Is Sweetcorn A Good Fishing Bait – Explained

While it certainly has its limitations, sweetcorn is among the best fishing baits in the world. Particularly for bottom-feeders, herbivores, and omnivores. There are many kinds of complicated manufactured baits that are intricately designed to maximize attraction but sometimes the simplest things work the best.

Sweetcorn is naturally bright, juicy, sweet, and delicious. It already has all the fundamental components of a great fishing bait. I can’t count the number of carp and silverfish I’ve caught with this great bait. In fact, I can’t remember the last time I used sweetcorn and it didn’t garner results.

But sweetcorn is a universal fishing bait and there’s really no limit to its utility. For instance, In an episode of River Monsters, Jeremy Wade lands an enormous Mekong Gaint Catfish with a kernel of sweetcorn. A fish that weighed several hundred pounds was taken on the smallest and simplest of baits. 

Why Sweetcorn Is An Excellent Fishing Bait

We’ve already established that sweetcorn is brilliant for gaining attraction and producing results but there are plenty of baits that check those boxes too. Really the question I’m trying to get at is, what makes sweetcorn so special?

The answer to this question is very simple and purely numerical. The price! Sweetcorn is probably the cheapest effective bait I’ve ever come across. The vast majority of baits today are expensive because they contain many ingredients and attractants. However, you can pick up a kilogram of frozen sweetcorn for a pound in most supermarkets.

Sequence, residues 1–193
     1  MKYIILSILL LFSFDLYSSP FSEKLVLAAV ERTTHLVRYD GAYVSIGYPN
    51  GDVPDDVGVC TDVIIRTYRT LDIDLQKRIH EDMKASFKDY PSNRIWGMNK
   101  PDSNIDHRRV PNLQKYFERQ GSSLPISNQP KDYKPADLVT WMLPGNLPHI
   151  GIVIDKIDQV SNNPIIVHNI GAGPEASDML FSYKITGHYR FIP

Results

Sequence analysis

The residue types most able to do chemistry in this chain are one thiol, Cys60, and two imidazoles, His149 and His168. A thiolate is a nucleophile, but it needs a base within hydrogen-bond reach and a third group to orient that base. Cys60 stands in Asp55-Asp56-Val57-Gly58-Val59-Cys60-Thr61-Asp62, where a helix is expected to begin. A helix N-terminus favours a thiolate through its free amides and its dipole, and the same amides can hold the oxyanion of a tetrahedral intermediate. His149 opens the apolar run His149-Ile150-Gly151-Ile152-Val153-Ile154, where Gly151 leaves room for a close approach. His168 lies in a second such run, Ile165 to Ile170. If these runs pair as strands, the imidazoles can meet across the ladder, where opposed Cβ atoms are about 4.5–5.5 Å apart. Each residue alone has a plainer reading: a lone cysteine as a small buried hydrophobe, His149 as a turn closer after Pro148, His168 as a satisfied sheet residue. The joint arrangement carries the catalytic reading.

The only thing that is comparable to sweetcorn in terms of price is bread. However, I tend to find that a loaf of bread doesn’t last anywhere near as long as a bag of frozen sweetcorn. The other issue with bread is that it isn’t a permissible bait in a lot of fisheries. This is because while the fish certainly love it, too much bread isn’t good for their health.

Which Fish Eat Sweetcorn

Lots of fish would eat sweetcorn but listed below are the most popular species that are targeted by anglers along with their maximum potential sizes:

Fish SpeciesMax Size
Carp (Cyprinus Carpio)100lbs
Roach (Rutilus Rutilus)2lbs
Rudd (Scardinius Erythrophthalmus)4lbs
Tench (Tinca Tinca)15lbs
Bream (Abramis Brama)20lbs
Trout (Oncorhynchus Mykiss)30lbs
Crappie (Pomoxis)6lbs
Perch (Perca Fluviatilis)6lbs
Bluegill (Lepomis Macrochirus)4lbs

Using Sweetcorn As A Hookbait 

Sweetcorn by no means is the perfect bait but if I had to highlight its main weakness, it would be using it as a hookbait. There is nothing wrong with just skewering the bait with the hook when you’re fishing at short range for smaller fish quickly. However, if you’re casting out, you’ll want something with more resistance. This is because sweetcorn can get quite mushy in the water and if a fish has a couple of bites, it may fall off the hook entirely.

There are a few solutions to this problem. Firstly, you could use thread the sweetcorn onto a hair rig which would prevent them from falling off so easily. However, this doesn’t change the fact that the sweetcorn absorbs water and would still deteriorate over time. Fortunately, we can easily solve this issue by using imitation sweetcorn. This is a small plastic bait that is designed to look like sweetcorn but is much tougher.